logy at the Alexandria Seminary. He held charges successively in Brooklyn, N. Y.; in Greenville, S. C.; in Williamsburgh, Va; in Louisville, Ky.; and in Charleston, S. C. When he died, he was rector of St. Peter's Church in the lat. ter place. He was a' bold, vigorous, and faithful preacher, and a brave and truehearted man. Several works emanated from his pen, among which we may no. tice a very impressive treatise on the Unitarian Controversy, and a collection of sermons addressed to the business classes.
Died in Salisbury, N. C., September 15th, in the forty-sixth year of his age, the Rev. JOHN HAYWOOD PARKER, Rector of St. Luke's Church in that place.
Died, on Sunday, September 19th, the Rev. WILLIAM RICHMOND, Rector of St. Michael's Church, New-York, in the sixty-first year of his age.
Died, in Dover, on Saturday, October 16, the Rev. GEORGE E. HURD, Deacon, of the Diocese of New-York.
Died, at his residence in Pine street, Philadelphia, on the 6th of December, the Right Rev. HENRY U. ONDERDONK, in the seventieth year of his age.
UNDER this head we have only to notice the establishment of a Pastoral Aid Society in the State of Illinois. A meeting of clergymen and laymen of the Episcopal Church in the Diocese of Illinois was held in Trinity Church, Chicago, on the 17th of November. The Hon. Hiram Norton, of Lockport, was called to the chair, and the Rev. Samuel Cowell was appointed Secretary. The following resolution was then moved by the Rev. James L. Reynolds, of Chicago, and unanimously adopted :
"Resolved, That in view of the present condition of our Church in Illinois, it is expedient to establish a Pastoral Aid Society."
After the adoption of a Constitution an election was had of the officers of the Society and the Board of Managers. The Western Churchman thus speaks of the meeting:
“There was a very decided manifestation of interest in all the proceedings. Every body seemed to be in earnest not only, but to be animated by the one feeling, that additional facilities be afforded for the preaching of the Gospel in Illinois.
"The Executive Committee consists of the President, Secretary and Treasurer of the Society, and Messrs. D. Jay Ely, James F. Aldrich, and Cyrenius Beers. The Society is scarcely in working order as yet, but has already received contributions from a few individuals, amounting in the aggregate to $1100.".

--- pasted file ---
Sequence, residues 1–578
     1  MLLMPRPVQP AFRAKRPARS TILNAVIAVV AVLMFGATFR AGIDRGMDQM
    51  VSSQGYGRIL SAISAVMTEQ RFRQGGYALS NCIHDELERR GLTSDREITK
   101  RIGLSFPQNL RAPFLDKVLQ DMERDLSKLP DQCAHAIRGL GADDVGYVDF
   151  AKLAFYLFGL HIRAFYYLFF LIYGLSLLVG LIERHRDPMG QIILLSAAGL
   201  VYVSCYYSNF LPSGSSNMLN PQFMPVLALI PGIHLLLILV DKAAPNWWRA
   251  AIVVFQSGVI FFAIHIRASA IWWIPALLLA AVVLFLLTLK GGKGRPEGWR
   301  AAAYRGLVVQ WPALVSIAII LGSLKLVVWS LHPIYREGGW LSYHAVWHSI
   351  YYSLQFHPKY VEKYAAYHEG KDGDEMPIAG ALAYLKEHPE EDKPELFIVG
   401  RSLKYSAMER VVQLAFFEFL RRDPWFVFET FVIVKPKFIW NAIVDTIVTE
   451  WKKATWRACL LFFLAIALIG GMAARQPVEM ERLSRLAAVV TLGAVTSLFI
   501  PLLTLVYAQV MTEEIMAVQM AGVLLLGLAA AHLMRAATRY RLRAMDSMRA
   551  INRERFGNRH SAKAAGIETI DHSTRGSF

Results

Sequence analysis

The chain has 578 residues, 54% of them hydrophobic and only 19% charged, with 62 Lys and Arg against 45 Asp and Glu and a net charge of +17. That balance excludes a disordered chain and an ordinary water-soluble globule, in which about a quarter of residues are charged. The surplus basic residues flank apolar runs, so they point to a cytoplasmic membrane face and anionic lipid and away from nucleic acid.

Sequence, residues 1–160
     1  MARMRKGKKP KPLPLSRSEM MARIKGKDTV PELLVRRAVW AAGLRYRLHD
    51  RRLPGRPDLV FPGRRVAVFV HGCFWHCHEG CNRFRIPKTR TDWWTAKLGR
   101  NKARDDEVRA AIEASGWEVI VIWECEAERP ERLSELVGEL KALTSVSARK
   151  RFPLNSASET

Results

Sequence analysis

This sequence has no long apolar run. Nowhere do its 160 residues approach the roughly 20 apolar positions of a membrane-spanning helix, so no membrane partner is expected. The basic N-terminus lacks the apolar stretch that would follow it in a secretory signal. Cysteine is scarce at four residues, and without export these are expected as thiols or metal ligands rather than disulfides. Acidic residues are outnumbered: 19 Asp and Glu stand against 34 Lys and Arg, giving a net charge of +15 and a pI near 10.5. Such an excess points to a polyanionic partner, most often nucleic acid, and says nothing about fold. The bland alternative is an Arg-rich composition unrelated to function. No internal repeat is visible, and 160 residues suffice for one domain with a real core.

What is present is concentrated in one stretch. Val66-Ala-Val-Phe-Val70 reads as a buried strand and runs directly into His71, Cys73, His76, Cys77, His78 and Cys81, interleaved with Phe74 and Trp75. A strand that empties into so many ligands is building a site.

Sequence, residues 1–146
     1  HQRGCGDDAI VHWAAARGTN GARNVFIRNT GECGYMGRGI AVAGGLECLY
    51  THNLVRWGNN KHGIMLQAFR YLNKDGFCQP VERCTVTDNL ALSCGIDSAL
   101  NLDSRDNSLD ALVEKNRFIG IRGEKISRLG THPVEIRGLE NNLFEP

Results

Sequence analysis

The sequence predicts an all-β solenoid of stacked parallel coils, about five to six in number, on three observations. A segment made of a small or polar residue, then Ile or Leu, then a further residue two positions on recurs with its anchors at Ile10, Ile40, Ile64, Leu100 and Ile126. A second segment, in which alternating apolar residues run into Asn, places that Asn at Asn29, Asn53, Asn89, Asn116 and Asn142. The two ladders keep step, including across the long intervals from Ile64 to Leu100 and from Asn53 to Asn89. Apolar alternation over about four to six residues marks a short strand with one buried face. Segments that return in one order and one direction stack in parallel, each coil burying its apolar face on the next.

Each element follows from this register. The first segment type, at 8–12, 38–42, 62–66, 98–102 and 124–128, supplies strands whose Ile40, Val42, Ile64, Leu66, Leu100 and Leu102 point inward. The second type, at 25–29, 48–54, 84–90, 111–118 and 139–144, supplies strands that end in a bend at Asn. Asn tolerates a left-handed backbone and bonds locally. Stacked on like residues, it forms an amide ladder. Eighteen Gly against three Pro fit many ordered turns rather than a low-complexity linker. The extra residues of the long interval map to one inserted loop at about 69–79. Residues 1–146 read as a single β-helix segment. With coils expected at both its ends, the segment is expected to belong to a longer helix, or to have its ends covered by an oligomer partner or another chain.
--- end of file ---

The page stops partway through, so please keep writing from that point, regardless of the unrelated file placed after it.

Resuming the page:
The twenty-third annual meeting of the “Board of Missions of the Protestant Episcopal Church in the United States of America" was held in Christ Church, Baltimore, on the 13th of October, 1858. The Right Reverend the Bishop of Virginia, being the senior Bishop present, took the chair and opened the meeting with prayer. On motion of the Bishop of Tennessee, the Rev. Dr. Van Pelt was reäppointed Secretary. The Annual Report of the Domestic Committee was presented and read by its Secretary, the Rev. Dr. Van Kleeck, and afterwards referred to a committee of five. The Report of the Foreign Committee was also presented and read by its Secretary, Rev. Mr. Denison; and, on motion of the Rev. Mr. Abercrombie, it was resolved "To refer as much of the report as relates to the African mission to a committee of five; as much as relates to the Chinese Mission to a committee of five; and as much as relates to the Greek Mission and other subjects, to a committee of five." The committees in reference to Africa and China submitted unanimous reports heartily indorsing the action of the Foreign Committee, and recommending these fields to the prayers and interest of the Church. The Committee appointed to examine that part of the report relating to the Greek Mission, submitted a majority report, expressing satisfaction that the Foreign Committee has continued to feel an “undiminished and abiding confidence in the character and ministry of the Rev. Mr. Hill, and in the management and results of the missionary work at Athens." A minority report was also submitted with the following resolution: